Thursday, 21 May 2020

Media Quotes of the Week: From are Facebook and Google really to blame for killing the news media? to why investigative journalists can be a pain

Jeff Jarvis on Twitter: "Facebook and Google are not killing news. News has been slowly killing itself by refusing to learn new skills to sell, new ways to bring value to the public we serve, new ways to listen to the needs of that public, new ways to earn trust, new ways to compete, not complain. The best way for Google & Facebook to help news is not handouts that will go into the pockets of hedge funds and disappear with the wind. What we need is help creating new strategies for news, new means to inform a society that does not trust us, new business models.Protectionism is not a business model. Whining is not a business model. Handouts are not a business model. Lobbying politicians is not a business model. Adding value to communities and their conversations, helping them meet their goals: that is the only model worth pursuing."

Press Gazette editor-in-chief Dominic Ponsford on Press Gazette Daily: "Buzzfeed and Quartz are both largely exiting the UK, 14 editorial jobs are to go at regional press group Midland News Association, 155 jobs are being cut at Vice Media and even the FT and Economist have been forced to make cutbacks. The irony is that soaring web traffic means there has never been more demand for journalism, but the ad-funded model is mainly benefiting the tech platforms. If professionally-produced journalism all has to disappear behind paywalls, Google's search results and Facebook's News Feed will become much less interesting places and their revenue will inevitably suffer as a result. The Duopoly need to intensify their efforts to support the news industry not just to help keep the world informed, but out of enlightened self interest."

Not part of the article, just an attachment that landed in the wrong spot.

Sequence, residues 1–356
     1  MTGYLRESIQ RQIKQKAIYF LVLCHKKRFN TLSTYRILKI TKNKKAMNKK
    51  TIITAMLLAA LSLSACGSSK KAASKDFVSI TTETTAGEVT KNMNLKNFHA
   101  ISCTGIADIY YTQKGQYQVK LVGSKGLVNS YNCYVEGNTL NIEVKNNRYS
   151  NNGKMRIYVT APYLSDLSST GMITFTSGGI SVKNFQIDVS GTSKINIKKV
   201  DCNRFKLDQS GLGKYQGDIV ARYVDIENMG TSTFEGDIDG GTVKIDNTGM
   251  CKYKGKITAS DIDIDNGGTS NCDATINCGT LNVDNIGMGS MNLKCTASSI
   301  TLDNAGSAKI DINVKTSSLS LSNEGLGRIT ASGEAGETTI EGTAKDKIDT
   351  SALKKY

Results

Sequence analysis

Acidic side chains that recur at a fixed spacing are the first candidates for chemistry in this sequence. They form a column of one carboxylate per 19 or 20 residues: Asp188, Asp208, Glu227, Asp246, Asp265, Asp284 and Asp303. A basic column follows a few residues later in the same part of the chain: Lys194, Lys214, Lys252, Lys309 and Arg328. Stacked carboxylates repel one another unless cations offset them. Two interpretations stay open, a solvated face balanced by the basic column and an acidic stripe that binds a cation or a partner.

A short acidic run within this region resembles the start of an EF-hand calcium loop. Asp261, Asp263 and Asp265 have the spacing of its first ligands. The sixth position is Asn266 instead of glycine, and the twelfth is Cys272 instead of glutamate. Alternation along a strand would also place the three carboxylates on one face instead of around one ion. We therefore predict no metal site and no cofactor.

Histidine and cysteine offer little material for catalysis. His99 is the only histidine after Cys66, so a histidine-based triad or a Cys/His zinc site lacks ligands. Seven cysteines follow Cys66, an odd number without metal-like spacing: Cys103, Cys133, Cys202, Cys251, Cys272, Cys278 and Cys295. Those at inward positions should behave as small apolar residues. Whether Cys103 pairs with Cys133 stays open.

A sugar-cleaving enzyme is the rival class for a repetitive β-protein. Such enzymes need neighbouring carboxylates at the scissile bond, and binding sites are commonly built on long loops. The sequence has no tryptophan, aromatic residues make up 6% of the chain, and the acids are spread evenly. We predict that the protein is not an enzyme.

John Naughton in the Observer on Facebook's new oversight board:  "It’s actually a board for locking the stable door after the horses have bolted. Let us call the Facebook oversight board by its initials: FOB...The big puzzle at the moment is why some apparently sane people with reputations to lose would have chained themselves to this particular catherine wheel. Apart from anything else, they have committed themselves to endorsing Zuckerberg’s overweening vanity about the central importance of Facebook to the world. One big surprise (for me, anyway) was that Alan Rusbridger, the former editor of the Guardian, should have lent his name and reputation to this circus."

Reuters Institute research shows:  "After an initial surge in news use, there has been a significant increase in news avoidance, with 22% saying they often or always actively try to avoid the news (up from 15% in mid-April), growing to 59% if those who say they sometimes actively avoid the news are included (up from 49% in mid-April)."

Matthew Parris in The Times [£] on who is having a "good war" during the Covid-19 pandemic: "Science and health journalists. In Fleet Street’s editorial conferences a new star is born. Specialist reporters’ clever charts and graphs are now centrepieces rather than sidebars to our journalism. Knowledge is king. Piers Morgan. From Trump-poodle to plucky truth-teller in one bound."